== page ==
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Carmakers released some great sedans in 2021. Consumer Reports recently listed 10 of them, and big surprise, almost all of them were from Japan and Korea. The Dodge Charger and Volkswagen Passat did manage to stow away near the bottom, boasting an exceptional road test for the Charger, followed by satisfactory predicted reliability and owner satisfaction. The VW scored adequate in the predicted reliability and owner satisfaction. Otherwise, the list is Toyota, Honda, Nissan, Subaru, Mazda, and Kia. Here are the seven best sedans from 2021 as chosen by Consumer Reports.

Toyota Camry: all-wheel-drive and lots of power

Toyota Camry on display in Chicago
Toyota Camry on display in Chicago | Bilgin S. Sasmaz/Anadolu Agency/Getty Images

According to Consumer Reports, the new Camry is much improved from its previous versions. It’s quiet on the inside, comfortable, and offers better handling than previous model years. Toyota made it possible to take the Camry to the snow by continuing with its available all-wheel-drive. Consumers have multiple engine options, including a 2.5-liter inline-four and a 3.5-liter V6, which makes 300 horsepower. The hybrid 2.5-liter inline-four makes 208 horsepower. Either way, the Camry has plenty of power.

Toyota Avalon: the penultimate year

Toyota Avalon parked on the beach
Toyota Avalon | Toyota

The Avalon uses the same drivetrain as the Camry, so it’s no wonder this sedan nabbed the #2 spot on Consumer Reports’ list. It’s packed with various amenities like an eight-speaker sound system, Apple CarPlay and Android Auto, a Scout GPS Link, and optional wireless device charging. Though it offers a lavish driving experience, with a comfortable and quiet ride, Toyota will not revive the Avalon beyond the 2022 model year. 

Subaru Legacy: chugging along in mediocrity

subaru legacy driving through the hills
Subaru Legacy | Subaru

The Legacy carries on as a mid-sized sedan but is unfortunately underpowered compared to the Toyotas. It has two four-cylinder options, including a 2.5-liter that makes 182 naturally aspirated horsepower, or a turbocharged 2.4-liter, which makes 260 horsepower. Consumer Reports gave it an exceptional road test score despite its lack of sportiness, a low predicted reliability, and an adequate predicted owner satisfaction score. 

Honda Accord: borderline luxury and efficiency

Honda Accord on display in Thailand
Honda Accord on display in Thailand | Vachira Vachira/NurPhoto via Getty Images

The new Accord earned the same score as the Subaru, but with better gas mileage. The Accord also gets two engine options, including a 192-hp 1.5-liter inline-four as standard, and a 2.0-liter turbocharged inline-four that produces 252 horsepower. Both engines come with a 10-speed automatic transmission, which sounds like too much for a dinky four-cylinder. However, it does help the car to get 47 mpg. It’s reportedly a comfortable, quick, and responsive sedan.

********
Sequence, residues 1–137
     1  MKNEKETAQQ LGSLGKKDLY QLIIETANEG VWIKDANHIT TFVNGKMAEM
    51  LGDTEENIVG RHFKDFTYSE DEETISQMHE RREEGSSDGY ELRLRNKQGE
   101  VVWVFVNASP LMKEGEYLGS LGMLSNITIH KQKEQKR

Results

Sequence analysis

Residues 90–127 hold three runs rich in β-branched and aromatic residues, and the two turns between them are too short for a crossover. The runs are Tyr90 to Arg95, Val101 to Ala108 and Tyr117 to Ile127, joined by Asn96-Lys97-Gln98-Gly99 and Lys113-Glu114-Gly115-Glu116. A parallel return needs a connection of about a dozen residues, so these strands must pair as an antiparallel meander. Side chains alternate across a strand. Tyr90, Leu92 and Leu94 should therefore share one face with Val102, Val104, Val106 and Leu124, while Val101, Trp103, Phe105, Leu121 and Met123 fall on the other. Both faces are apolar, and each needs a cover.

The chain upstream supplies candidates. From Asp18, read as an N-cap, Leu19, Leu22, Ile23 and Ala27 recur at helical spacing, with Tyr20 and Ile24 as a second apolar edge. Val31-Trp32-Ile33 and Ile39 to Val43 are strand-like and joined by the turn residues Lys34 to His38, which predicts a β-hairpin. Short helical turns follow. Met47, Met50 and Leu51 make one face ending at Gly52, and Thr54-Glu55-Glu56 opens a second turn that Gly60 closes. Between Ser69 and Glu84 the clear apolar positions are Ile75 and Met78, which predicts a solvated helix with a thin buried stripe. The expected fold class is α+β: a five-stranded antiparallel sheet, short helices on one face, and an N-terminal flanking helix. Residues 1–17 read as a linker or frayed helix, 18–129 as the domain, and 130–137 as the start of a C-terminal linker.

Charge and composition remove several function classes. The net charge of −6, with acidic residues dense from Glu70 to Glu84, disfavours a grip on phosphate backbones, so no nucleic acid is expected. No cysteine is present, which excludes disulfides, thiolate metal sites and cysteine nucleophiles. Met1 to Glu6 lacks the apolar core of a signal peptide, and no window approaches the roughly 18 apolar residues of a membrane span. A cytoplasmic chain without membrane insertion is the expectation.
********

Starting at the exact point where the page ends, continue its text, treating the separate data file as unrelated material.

Mazda 6: the last of a breed

mazda 6 on display
Mazda 6 on display | Sjoerd van der Wal/Getty Images

Mazda’s mid-sized 6 slots in with a rating just barely behind the Accord and Subaru. It scored above average in every criterion. True to Mazda fashion, the 6 is responsive and handles well. It has two engine options, a 2.5-liter inline-four which produces 181 naturally aspirated horsepower, and a turbocharged option which pumps out 227 horsepower. Mazda will be discontinuing the 6 after the 2021 model year, closing the ledger on a mid-sized car with moderate performance. 

Nissan Maxima: a pricey low effort sedan

Classified as a full-size car, the Maxima uses a 3.5-liter V6 that makes 300 horsepower. Unfortunately, that’s where the positives begin and end, according to Consumer Reports. The Maxima is otherwise plagued with a lazy transmission, lackluster handling, and stiff suspension. It scored well in the road test and predicted reliability, but low in predicted owner satisfaction. It’s full of safety features and starts among the highest on this list at $37,090.

Nissan Altima: an unremarkable experience

The Nissans trail the Toyotas and Mazda in providing a fulfilled driving experience, and the Altima fits in line with the Subaru. Two engine options exist for the Altima, including a 2.5-liter inline-four delivering 182 horsepower and a turbocharged 2.0-liter inline-four producing 236 horsepower. Consumer Reports describes the ride as “unremarkable”, but that might appeal to someone looking for an “A-to-B” car. For $24,550, it might be worth the extra hunt to find something that’s more enjoyable. 

Bottom of the barrel sedans

Dodge Charger on display in Chicago
Dodge Charger on display in Chicago | Raymond Boyd/Getty Images

These Cars Have the Worst Visibility According to Consumer Reports

Rounding out the top 10 from Consumer Reports is the Dodge Charger, which has several engine and drivetrain options spanning a whole spectrum of prices, followed by the Volkswagen Passat, and the Kia K5. The VW and Kia are among the cheapest on this list, and both seem to offer a comprehensive ride. 

Both are comfortable and easy to operate and get decent gas mileage. For a more fun drive, the Charger could be a solid choice. However, for a more well-rounded driving experience, with decent power and handling, the 300 horsepower Camry might actually have earned its #1 spot.